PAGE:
Melissa McCarthy stars in writer/director Paul Feig’s ‘Spy.’
It seems like the trend now is to make a spy movie that initially parodies the genre, but in turn, becomes part of the entire scheme by the end of things. It worked earlier this year with Kingsman, and it has succeeded again, this time with Paul Feig’s Spy.
After spoofing the rom-com with Bridesmaids followed by buddy cop films with The Heat, Feig moves his attention towards the spy flick, namely the sleek and suave James Bond films that dominate and have eventually become the face of the genre. Spy keeps with Feig’s other films and puts Melissa McCarthy in the lead role, but unlike their other collaborations, he finally gives her a straight, lead role instead of the caricature, sidekick character that she usually plays.
Spy follows Susan Cooper (McCarthy), a CIA analyst who works from her desk at the headquarters to help agent Bradley Fine (Jude Law) with his missions. Fine is the quintessential spy, brimming with sexuality and strength that even over the microphone, Susan is swooning. But Fine’s mission fails thanks to Rayna Boyanov (Rose Byrne), who is trying to take out members of the CIA who try to stop her from causing nuclear destruction.
With Fine out of the field, Susan decides to go after Rayna since no one would know who she is, but she is constantly halted by the persistent negligence of Rick Ford (Jason Statham), who wants to gain the credit for himself and his macho personality.
Feig has shown in his previous films that he has a greater than adept understanding of comedy and how to time it just right (going back to his work on TV with shows such as The Office and Arrested Development) and Spy is no different. The director has probably got a rhythm down with McCarthy, but the two work so harmoniously together, it is tough not to get sucked up into this comedic force that the two bring together.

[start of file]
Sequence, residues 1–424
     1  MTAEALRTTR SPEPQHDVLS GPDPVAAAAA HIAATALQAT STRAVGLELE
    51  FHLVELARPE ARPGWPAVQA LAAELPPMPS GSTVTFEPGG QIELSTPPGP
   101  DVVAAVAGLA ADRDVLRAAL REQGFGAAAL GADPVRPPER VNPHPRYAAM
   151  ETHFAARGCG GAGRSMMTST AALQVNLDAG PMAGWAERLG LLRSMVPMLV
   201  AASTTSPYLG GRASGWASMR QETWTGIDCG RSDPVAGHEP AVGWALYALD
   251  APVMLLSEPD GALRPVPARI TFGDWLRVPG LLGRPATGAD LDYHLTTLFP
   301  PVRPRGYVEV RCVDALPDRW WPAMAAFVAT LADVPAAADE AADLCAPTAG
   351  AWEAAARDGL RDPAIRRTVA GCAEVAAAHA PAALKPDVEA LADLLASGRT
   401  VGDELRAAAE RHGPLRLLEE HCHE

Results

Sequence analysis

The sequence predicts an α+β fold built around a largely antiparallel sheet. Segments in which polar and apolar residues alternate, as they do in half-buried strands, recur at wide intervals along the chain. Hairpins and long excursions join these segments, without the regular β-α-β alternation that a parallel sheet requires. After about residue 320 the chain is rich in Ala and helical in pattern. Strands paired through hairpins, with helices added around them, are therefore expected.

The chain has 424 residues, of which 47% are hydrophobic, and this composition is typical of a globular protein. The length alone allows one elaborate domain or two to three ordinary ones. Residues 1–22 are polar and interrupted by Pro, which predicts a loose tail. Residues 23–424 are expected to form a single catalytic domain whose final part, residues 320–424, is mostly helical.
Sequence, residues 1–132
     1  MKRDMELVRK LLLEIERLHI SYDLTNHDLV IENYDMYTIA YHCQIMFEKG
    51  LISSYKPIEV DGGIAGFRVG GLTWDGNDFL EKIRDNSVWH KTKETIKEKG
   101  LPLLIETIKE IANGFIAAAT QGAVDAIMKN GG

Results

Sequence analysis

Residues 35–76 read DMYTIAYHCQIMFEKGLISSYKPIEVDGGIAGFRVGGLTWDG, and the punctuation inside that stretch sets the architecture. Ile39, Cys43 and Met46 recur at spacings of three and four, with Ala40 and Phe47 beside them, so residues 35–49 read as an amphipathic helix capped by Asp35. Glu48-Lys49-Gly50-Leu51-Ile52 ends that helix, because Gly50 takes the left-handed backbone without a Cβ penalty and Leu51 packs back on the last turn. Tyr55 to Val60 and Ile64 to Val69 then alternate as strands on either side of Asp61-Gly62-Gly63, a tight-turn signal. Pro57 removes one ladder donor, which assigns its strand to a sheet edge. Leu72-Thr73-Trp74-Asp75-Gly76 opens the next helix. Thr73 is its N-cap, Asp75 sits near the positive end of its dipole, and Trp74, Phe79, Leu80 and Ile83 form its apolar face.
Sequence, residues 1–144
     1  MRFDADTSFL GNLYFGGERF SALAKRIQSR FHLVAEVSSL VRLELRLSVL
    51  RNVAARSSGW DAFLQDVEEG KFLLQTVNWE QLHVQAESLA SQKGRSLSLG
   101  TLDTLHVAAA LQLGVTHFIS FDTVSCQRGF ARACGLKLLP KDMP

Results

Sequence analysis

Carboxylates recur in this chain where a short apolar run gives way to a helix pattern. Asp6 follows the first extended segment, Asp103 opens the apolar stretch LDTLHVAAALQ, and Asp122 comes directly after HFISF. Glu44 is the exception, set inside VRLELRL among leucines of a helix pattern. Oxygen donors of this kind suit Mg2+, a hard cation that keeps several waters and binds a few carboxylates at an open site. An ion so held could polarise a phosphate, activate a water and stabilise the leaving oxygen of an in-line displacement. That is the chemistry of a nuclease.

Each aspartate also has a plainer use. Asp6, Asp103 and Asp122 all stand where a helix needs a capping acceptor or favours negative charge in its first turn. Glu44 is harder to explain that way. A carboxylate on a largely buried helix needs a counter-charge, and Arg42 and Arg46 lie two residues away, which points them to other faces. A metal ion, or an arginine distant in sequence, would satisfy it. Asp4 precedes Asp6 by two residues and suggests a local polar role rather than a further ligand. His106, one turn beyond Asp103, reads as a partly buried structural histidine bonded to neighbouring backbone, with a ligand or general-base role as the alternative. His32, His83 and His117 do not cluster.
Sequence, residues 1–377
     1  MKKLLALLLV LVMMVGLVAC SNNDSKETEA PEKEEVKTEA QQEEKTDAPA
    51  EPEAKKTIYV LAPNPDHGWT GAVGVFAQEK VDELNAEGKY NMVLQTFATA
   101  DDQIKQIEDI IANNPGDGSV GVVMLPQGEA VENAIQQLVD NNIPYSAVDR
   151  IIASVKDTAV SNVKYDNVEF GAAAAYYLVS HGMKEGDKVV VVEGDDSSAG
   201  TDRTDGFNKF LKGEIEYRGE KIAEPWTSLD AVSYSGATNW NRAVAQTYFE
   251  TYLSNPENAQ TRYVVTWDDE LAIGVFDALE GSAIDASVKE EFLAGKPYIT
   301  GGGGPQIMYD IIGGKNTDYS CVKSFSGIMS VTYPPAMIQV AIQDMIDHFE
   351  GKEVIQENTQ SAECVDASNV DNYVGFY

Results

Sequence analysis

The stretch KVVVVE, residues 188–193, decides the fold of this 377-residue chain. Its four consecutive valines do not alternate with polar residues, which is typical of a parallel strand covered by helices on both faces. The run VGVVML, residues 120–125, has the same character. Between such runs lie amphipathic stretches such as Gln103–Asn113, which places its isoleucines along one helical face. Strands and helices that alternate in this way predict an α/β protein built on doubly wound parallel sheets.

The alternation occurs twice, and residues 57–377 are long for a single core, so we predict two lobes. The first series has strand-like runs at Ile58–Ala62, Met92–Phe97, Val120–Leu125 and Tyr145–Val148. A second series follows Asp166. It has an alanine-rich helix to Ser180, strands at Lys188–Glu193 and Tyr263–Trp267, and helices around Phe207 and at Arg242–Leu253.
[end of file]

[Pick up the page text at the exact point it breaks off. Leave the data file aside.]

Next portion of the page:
After playing two lovable, but ultimately doofus roles in Bridesmaids and The Heat, it is finally McCarthy’s turn to play the “straight man” role and not completely rely on her over-the-top antics and outbursts (even though they still come out and are hilarious). Instead, she is able to show impeccable range and solidify the fact that even though she has had her share of flops, she can still command a comedy leading role.
But she is almost outdone by the strong supporting characters played by Byrne and Statham, who each show up on one side of the spectrum of absurdity. Byrne continues to be the best open secret in comedy as once again she displays that she is outlandishly funny, and can stay as stern as a statue while doing it. Once the second act is kicked off, and she is coming in contact more with McCarthy, it is an avenue for her to show off her incredible comedic skills once again. We have seen them before in Bridesmaids and Neighbors, but the fact that she was playing a more traditional villain and was able to bring out laughs was more impressive.
Statham, known more for being an over-the-top action star, plays to that trope and shows that he still posses the comedic prowess that was required in his early films like Snatch and Lock, Shock, and Two Smoking Barrels. He and McCarthy flow together perfectly, and once again, he pops up when he needs to and quietly steals the moments that he is on screen. Also, for the second time this year, it seems like his role is reserved to showing up at inopportune times and doing damage (see also Furious 7).
Feig isn’t re-inventing the mold like he did in Bridesmaids or showcasing the talent like in The Heat, but instead shows that he is a staple comedic director and why he was an easy choice for Ghostbusters 3. He understands what make moments funny, and with the help of a talented cast that he gets the most from, is able to execute those moments better than anyone else.